Guide to Capturing Wildlife Up Close & Personal

Red Fox- Canon 5DSR, 16-35mm f4 IS (35mm, 1/1250 sec, f5, ISO 640)

Capturing wildlife up close and personal can prove challenging for nature photographers—and also worthwhile. Shortening the distance between camera and subject allows the photographer to experience different points of view, and wide-angle lenses can throw a subject into a strikingly larger-than-life perspective. While successfully capturing such pictures requires more than a little skill, the fundamentals are simple. Every close encounter has three main parts: location, approach, and exit.

Location is critical to capturing close-up images. You can easily locate most any animal or bird if you familiarize yourself with what they eat, the availability of water, and terrain where they nest. Animals need to drink water, so if there is limited availability in an area, spend time at the water source waiting for wildlife to come to drink. Many animals follow a regular routine depending on the local weather or season. Some mammals might frequent the same water source during the same window of time. Be on the lookout for flattened grass, dirt trails, or a large number of footprints indicating what path they normally take. As an example, after locating an area with a dense fox population, I walked the woods looking for a path to a source of water. After locating a dirt trail, I had the opportunity to capture many unique images.

[Fox images]

While there are numerous techniques for approaching wildlife, two are universal regardless of the photographer’s location. Before your approach, think first about what angle of the sun will work best and then which background you prefer. The best strategy for approaching wildlife is to not approach them at all. Instead, let them approach you. When you let animals approach you, they will appear relaxed in your images, which allows you to capture their natural behavior. You should identify the paths they take and set up in an area that leads to you. When traveling to a location, approach slowly and stay as close to the ground as possible. As you walk or crawl, pause every time an animal looks at you. Only resume your approach once it continues with its normal behavior. When I was photographing harlequin ducks on a jetty, I noticed that they had a routine of starting at one end and slowly making their way to the other looking for food. I set up in the middle of the jetty, which allowed me to get within five feet of them.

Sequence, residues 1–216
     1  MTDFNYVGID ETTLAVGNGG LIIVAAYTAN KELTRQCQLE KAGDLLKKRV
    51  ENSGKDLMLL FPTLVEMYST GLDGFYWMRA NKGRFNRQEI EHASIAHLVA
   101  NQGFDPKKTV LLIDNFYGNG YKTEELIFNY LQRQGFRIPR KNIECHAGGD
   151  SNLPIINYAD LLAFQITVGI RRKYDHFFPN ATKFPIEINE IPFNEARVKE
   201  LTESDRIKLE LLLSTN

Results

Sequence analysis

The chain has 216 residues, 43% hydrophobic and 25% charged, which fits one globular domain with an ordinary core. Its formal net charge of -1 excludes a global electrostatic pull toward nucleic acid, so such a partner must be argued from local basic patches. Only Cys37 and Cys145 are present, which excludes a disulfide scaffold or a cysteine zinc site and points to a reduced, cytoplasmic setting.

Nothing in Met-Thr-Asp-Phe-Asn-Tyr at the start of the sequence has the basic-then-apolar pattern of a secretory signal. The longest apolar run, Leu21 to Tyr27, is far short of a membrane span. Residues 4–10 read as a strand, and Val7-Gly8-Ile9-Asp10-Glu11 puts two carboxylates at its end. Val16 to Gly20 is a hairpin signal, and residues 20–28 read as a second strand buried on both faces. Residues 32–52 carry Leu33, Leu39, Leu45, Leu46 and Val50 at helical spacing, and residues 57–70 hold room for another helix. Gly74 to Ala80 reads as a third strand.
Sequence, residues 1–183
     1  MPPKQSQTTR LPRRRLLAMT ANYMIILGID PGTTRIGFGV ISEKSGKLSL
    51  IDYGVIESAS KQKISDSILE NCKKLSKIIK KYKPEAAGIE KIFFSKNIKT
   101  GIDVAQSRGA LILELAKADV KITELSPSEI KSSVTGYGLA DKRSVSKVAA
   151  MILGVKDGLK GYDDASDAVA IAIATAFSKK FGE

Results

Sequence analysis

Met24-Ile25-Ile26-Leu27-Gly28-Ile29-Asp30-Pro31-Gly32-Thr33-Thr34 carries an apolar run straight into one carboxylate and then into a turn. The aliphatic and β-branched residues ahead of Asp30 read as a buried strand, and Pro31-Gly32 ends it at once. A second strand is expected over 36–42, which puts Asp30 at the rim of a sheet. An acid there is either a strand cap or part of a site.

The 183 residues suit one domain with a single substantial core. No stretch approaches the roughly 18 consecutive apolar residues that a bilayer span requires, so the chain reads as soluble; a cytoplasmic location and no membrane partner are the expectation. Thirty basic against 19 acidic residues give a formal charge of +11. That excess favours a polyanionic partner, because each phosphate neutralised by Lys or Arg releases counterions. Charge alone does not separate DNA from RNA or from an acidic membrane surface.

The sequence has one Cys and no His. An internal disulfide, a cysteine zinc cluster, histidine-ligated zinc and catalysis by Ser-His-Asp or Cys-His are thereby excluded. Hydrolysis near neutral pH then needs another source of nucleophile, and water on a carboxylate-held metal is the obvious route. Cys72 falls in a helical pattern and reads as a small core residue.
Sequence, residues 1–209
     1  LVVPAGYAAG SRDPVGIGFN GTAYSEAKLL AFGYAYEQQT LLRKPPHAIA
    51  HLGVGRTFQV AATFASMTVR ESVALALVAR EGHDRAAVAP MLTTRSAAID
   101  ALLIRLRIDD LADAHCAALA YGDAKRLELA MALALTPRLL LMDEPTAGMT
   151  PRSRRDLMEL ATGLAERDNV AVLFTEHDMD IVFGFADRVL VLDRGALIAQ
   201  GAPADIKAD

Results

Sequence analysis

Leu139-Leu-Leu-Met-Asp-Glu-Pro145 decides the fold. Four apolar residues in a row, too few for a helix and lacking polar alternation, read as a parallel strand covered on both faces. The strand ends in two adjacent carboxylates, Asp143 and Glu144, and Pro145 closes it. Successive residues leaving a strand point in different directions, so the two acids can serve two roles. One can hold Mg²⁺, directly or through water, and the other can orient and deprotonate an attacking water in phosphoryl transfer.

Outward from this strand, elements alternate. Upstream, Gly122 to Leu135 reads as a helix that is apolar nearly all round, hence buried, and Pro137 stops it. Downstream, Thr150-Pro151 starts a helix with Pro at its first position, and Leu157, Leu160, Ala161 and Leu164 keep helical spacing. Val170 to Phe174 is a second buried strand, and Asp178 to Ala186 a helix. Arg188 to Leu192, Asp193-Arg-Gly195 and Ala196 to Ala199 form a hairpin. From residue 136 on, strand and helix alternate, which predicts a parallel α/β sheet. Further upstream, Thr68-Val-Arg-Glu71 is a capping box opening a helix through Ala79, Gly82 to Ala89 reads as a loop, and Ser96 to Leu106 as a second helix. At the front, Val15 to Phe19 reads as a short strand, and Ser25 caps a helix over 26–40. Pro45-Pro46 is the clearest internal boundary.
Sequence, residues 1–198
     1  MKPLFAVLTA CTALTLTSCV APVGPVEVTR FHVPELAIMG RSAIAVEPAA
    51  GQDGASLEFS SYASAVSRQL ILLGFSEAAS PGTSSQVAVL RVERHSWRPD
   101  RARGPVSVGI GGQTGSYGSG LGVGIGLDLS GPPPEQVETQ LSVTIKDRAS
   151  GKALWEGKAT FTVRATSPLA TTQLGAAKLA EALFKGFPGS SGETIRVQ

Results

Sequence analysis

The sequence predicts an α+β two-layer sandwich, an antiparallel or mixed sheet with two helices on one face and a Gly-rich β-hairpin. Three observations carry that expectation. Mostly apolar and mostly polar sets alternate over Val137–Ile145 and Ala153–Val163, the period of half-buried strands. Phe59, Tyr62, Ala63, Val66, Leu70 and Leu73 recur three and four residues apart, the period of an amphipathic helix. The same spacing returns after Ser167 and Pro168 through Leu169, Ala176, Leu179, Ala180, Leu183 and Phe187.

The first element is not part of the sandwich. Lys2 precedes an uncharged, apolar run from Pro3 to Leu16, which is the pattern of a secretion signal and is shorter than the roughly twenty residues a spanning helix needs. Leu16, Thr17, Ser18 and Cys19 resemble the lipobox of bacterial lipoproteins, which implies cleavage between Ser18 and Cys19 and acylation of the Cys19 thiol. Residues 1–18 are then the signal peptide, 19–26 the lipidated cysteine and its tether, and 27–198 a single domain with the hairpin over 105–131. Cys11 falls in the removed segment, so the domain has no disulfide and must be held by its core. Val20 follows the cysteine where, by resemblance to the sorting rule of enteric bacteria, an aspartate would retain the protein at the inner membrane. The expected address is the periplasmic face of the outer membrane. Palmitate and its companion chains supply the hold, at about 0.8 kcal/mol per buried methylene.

Long- Tailed Duck- Canon 5DSR, 600mm f4 IS II, 1.4x iii(840mm, 1/2000 sec, f5.6, ISO 400)

However, if you are photographing nesting birds, you won’t have the ability to intercept their path. The best way to approach nests without stressing the animal is gradually—very gradually. With some shorebird nests, I can crawl a couple of inches every minute without stressing them. Also, getting as low to the ground as possible helps the animal perceive you as less of a threat.

Black Skimmer- Canon 1DX, 600mm f4 IS II, 2x iii(1200mm, 1/2000 sec, f16, ISO 640)

Knowing when to exit a situation is as equally important as the other two elements. You should leave your subjects if they show signs of stress. For nesting shorebirds, photographers should leave well before 11:00 a.m. Your presence could put stress on the bird, and it could fly away from the nest, allowing eggs to spoil or babies to die from predators or heat exhaustion. Your exit should be similar to your approach: low and slow.